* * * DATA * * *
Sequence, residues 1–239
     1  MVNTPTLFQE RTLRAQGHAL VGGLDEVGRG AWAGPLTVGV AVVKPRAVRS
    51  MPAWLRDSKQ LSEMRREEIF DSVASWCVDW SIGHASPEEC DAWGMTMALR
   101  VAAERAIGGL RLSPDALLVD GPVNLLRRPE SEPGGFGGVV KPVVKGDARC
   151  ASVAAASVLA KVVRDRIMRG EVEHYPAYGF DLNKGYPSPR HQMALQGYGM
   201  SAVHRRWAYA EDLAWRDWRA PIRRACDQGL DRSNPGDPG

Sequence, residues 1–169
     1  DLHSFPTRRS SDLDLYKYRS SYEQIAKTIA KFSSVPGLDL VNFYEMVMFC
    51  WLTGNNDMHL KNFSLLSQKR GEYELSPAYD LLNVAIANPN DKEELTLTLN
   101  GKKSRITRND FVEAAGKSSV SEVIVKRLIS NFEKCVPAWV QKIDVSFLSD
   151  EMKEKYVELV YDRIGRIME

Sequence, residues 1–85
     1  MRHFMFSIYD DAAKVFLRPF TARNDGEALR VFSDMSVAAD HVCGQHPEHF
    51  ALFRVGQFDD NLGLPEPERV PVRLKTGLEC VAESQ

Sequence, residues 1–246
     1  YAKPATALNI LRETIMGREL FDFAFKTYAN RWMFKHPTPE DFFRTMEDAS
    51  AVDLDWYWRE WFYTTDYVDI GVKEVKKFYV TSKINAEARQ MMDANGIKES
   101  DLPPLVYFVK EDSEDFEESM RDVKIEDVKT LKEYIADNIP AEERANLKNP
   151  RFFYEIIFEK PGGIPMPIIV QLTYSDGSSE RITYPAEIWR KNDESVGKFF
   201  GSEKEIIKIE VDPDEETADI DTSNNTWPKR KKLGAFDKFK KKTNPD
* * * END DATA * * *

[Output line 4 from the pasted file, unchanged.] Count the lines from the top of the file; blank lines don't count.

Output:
   101  VAAERAIGGL RLSPDALLVD GPVNLLRRPE SEPGGFGGVV KPVVKGDARC